This section could probably be left blank; the concept ought to be solid, and if it's not then that says a lot about the description and enforcement of offline laws.
A platform with a spine ∞
The first thing would be that all the oppressed and ostracized would flee to it. Then the platform would immediately become labelled as being "for" those "bad" people. This has already been seen with every alternative platform ever since there has been any market domination by any social media in recent internet-history.
Basically speaking.. a new platform couldn't arise without "drama".
The heavy hand of the state ∞
Empowering the government with the ability to dictate what a private company does is a scary prospect to some, and a necessary good to others. However, enforcing existing laws and denying paralegal expansionism is neither.
There's a big difference between a family having traditions and a town having unique laws separate from the county and country. A group could have its own bullet points of rules which guide its moderators, but all of the platform could be denied that power, disempowering them from an ideological tool of its dictators to a private company which provides a service evenly to all interested parties.
Then the conversation can fall gracefully back to the friend, church or cake-shop arguments, which are problems of a company being selective about who it does business to. These are real-world arguments on real-world laws which already have a history of discourse. There's no need to make the same arguments an additional time by pretending that the online world is a unique context.
International considerations ∞
If local laws govern individual users, but international users all participate in roughly the same forum, then how is it possible for people to interact?
Legal agreements would have to exist at the international governmental level. This is, admittedly, an astonishingly naive suggestion, since that would be difficult to say the least, but shirking responsibilities and dumping them onto the shoulders of platform dictators is a bad idea when those platforms participate in ideological manipulation at the national and international scales.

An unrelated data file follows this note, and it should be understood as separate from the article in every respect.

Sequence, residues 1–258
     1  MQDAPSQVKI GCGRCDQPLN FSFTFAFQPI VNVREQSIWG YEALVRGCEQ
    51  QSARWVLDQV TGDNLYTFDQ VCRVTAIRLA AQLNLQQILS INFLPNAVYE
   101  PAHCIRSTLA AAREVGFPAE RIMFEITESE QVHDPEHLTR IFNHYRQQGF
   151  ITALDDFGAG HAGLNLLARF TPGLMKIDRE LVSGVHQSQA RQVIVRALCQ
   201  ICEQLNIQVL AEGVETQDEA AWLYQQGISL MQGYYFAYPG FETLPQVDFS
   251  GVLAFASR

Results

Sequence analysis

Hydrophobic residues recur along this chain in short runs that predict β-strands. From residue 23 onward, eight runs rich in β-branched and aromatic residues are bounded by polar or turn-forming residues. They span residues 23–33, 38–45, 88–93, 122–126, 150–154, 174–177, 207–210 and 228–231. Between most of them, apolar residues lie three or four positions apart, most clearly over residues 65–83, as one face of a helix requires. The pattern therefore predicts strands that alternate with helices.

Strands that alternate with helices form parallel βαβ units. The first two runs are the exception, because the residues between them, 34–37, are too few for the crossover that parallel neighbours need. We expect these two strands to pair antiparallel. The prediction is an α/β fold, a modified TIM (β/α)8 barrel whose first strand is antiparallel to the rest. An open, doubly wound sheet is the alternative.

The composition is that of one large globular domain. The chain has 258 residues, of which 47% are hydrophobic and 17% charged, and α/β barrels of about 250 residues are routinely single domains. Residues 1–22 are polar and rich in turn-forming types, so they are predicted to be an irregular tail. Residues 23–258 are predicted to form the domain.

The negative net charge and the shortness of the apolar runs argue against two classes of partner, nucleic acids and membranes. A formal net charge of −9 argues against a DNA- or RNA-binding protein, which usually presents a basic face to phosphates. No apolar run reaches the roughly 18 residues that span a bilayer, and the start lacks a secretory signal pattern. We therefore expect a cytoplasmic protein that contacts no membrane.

Platforms enable and manipulate news, opinions, and culture. They absolutely must not be dictatorships. I sincerely hope that people don't have to experience the uncaring boot of a platform to know this at the instinctual, gut, level. "I'm not breaking the rules" means absolutely nothing when the wrong person, idea, or algorithm notices you. People keep saying this over, and over, and over, and all the ideologically-pretty people think they're immune, until they're not, and then the innocent little sheep are wholly shocked at their slaughter. "This dictator is on my side" has two parts. The "side" is someone else's unpredictable opinion, and the "dictator" is by definition uncontrollable.
Crowdsourcing legal omniscience ∞
The main problem of international participants is in recognizing the differences in the local laws of every user.
There would have to be a comprehensive understanding of every participant to find and note the similarities, and then apply laws appropriately to each individual. This is impossibly difficult. The solution would be to crowdsource the problem, offloading it onto the userbase to report possible law breakers. Then the new problem would be dog-piling (activist groups [ 4 ] "Slactivists" ), limited resources and selective enforcement. To combat such problem would be an investment concept.